This meant Time Warner Cable and Netflix entered into a series of extended negotiations. Until Netflix agreed to pay, Time Warner Cable refused to add more internet exchange points between Netflix and its customers, resulting in broadband speeds dipped below what Netflix needed to deliver HD streaming. This meant Time Warner Cable customers often experienced buffering and degradation of video quality while watching Netflix. Netflix finally agreed to pay up in late 2014, and an internal graph produced by Time Warner Cable shows how the payoff worked to speed up Netflix, and how slow things would have remained if Netflix hadn’t coughed up the cash (it’s the second-to-last row you want to focus on):
Time Warner Cable, during its long and contentious negotiations with Netflix, never told customers that their Netflix connections were slower because Netflix wasn’t paying up — in fact, at the same time Time Warner Cable was deliberately neglecting the infrastructure needed to support Netflix, its ads explained why Time Warner Cable could deliver Netflix without buffering.
This wasn’t just happening at Time Warner Cable — Netflix eventually signed the same type of deal with every major ISP. It’s only because of the lawsuit in New York against Time Warner Cable that we know the internal thinking of one ISP — but it’s a safe assumption that the same calculations were being made at every other major ISP as well. Netflix needed to be able to directly connect to an ISP’s network, therefore Netflix had to pay up. And Netflix wasn’t the only company that had to enter into these deals. Time Warner Cable did the same thing to companies like Riot Games, which makes the extremely popular online game League of Legends, and “backbone” internet providers that actually deliver the vast majority of what you see online.
Anti-net-neutrality proponents may argue that this was simply a problem of transparency — the only problem was that Time Warner Cable customers didn’t know their Netflix speeds sucked because of behind-the-scenes negotiations — but otherwise, Time Warner Cable should be able to strike whatever deals it wants with content providers. But entrenched monopolies mean that even in some alternate reality — where Time Warner Cable, instead of bragging about its Netflix speeds, ran TV ads and put up billboards all across New York openly announcing that it was deliberately providing slower streaming speeds in order to extract money from a company — it wouldn’t have mattered.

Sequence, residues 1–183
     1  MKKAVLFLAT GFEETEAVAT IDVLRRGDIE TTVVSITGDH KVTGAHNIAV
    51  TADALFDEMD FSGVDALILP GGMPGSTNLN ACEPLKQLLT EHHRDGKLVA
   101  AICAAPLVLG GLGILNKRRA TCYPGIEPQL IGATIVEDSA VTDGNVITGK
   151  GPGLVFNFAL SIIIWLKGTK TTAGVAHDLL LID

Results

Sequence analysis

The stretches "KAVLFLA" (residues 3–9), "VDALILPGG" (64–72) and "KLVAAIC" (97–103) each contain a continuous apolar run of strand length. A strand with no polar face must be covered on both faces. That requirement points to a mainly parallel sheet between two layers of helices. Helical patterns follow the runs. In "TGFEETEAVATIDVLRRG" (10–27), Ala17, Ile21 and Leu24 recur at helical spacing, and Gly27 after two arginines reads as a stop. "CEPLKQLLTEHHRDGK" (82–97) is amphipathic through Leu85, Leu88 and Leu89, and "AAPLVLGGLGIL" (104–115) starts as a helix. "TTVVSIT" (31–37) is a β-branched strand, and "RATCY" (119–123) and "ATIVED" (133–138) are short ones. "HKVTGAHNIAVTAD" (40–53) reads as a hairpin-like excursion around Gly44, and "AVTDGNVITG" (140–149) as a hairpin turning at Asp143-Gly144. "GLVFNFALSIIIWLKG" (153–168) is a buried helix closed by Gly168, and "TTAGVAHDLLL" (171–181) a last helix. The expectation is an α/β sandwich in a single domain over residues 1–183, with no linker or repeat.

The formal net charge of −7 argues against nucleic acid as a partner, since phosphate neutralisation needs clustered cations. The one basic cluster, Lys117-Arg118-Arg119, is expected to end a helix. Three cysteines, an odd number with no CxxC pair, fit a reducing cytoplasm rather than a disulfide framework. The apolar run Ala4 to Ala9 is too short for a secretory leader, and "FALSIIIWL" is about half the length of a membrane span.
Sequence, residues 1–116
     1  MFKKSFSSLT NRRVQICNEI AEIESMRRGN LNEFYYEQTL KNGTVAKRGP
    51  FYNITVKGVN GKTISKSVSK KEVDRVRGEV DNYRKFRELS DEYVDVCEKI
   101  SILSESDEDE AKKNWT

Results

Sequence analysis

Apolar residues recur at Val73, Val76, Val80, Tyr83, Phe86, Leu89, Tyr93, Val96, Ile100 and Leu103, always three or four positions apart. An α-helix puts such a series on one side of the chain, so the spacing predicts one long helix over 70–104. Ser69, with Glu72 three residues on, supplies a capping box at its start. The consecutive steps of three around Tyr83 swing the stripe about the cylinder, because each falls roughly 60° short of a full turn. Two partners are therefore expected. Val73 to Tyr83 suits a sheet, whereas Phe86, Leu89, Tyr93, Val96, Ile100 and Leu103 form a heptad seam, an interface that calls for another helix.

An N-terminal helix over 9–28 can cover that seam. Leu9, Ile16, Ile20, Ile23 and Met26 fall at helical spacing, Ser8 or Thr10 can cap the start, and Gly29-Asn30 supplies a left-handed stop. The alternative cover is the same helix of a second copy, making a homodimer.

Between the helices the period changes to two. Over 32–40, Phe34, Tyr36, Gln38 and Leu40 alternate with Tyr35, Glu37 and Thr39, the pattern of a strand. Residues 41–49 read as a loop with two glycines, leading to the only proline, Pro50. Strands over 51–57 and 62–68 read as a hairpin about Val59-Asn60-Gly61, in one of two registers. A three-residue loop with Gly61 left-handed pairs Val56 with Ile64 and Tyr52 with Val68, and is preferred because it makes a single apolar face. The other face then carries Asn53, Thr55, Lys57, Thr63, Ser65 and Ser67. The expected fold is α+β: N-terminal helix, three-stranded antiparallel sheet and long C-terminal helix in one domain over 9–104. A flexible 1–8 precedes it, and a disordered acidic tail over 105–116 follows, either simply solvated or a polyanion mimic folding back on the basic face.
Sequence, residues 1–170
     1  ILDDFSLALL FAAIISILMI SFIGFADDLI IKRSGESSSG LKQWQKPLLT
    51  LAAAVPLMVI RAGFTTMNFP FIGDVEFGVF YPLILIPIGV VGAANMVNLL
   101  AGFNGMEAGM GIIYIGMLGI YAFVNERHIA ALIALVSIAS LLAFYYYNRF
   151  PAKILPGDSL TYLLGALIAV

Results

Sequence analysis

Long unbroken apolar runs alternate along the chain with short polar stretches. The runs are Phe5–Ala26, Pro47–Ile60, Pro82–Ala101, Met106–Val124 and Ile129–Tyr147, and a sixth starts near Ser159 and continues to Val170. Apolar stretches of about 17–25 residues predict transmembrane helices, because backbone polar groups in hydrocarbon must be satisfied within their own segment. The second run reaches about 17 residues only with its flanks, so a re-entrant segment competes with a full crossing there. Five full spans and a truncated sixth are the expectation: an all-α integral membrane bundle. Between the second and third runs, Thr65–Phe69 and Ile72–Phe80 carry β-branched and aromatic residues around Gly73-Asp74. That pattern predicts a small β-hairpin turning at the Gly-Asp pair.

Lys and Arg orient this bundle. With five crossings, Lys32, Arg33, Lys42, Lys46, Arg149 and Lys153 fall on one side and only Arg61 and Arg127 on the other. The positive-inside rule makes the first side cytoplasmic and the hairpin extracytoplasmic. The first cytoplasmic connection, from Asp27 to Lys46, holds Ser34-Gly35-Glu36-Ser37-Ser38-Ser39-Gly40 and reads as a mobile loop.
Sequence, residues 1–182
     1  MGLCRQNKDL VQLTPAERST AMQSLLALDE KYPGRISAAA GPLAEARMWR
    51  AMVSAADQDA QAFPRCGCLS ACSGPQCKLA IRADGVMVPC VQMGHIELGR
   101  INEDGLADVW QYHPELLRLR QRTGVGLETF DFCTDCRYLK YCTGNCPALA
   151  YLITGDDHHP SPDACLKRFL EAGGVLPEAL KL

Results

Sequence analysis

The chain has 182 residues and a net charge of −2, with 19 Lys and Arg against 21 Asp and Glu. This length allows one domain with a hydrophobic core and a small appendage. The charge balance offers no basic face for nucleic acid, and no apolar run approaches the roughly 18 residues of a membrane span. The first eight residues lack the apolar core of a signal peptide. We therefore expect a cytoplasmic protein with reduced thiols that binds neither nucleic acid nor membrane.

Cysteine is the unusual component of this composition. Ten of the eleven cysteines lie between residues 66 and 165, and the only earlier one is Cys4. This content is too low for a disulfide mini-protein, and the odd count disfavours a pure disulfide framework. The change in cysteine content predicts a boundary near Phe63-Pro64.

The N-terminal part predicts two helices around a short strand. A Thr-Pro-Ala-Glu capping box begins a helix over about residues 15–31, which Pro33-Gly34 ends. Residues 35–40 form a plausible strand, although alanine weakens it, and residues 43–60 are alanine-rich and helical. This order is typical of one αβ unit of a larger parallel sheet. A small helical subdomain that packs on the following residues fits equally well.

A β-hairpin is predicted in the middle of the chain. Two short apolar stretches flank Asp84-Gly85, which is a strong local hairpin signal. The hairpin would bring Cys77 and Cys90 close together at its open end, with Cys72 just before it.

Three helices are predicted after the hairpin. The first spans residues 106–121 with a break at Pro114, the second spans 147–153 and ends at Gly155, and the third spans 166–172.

Time Warner Cable (Spectrum) was (and still is) by far the largest internet provider in New York State, and in some cities, like Rochester, it’s the only one. The same is true across the country — per the FCC itself, about 48 percent of Americans live somewhere where only one ISP offers internet speeds faster than 25 Mbps, and one in five can only choose one ISP for any broadband access at all. Either the content provider pays up or the service remains slow, and the customer remains caught in the middle.
It’s likely that your Netflix streaming speed won’t be affected by this rollback — CEO Reed Hastings has publicly said he’s not worried because Netflix is “too popular” for ISPs to try to alter direct-connection deals. But smaller content providers (including would-be competitors to Netflix) don’t have that luxury, and new tech will inevitably come down the line that will place new demands on broadband speeds. When that happens, unregulated ISPs will engage in the same anti-consumer practices that they did before. We don’t have to imagine how it will happen, because we’ve seen it before.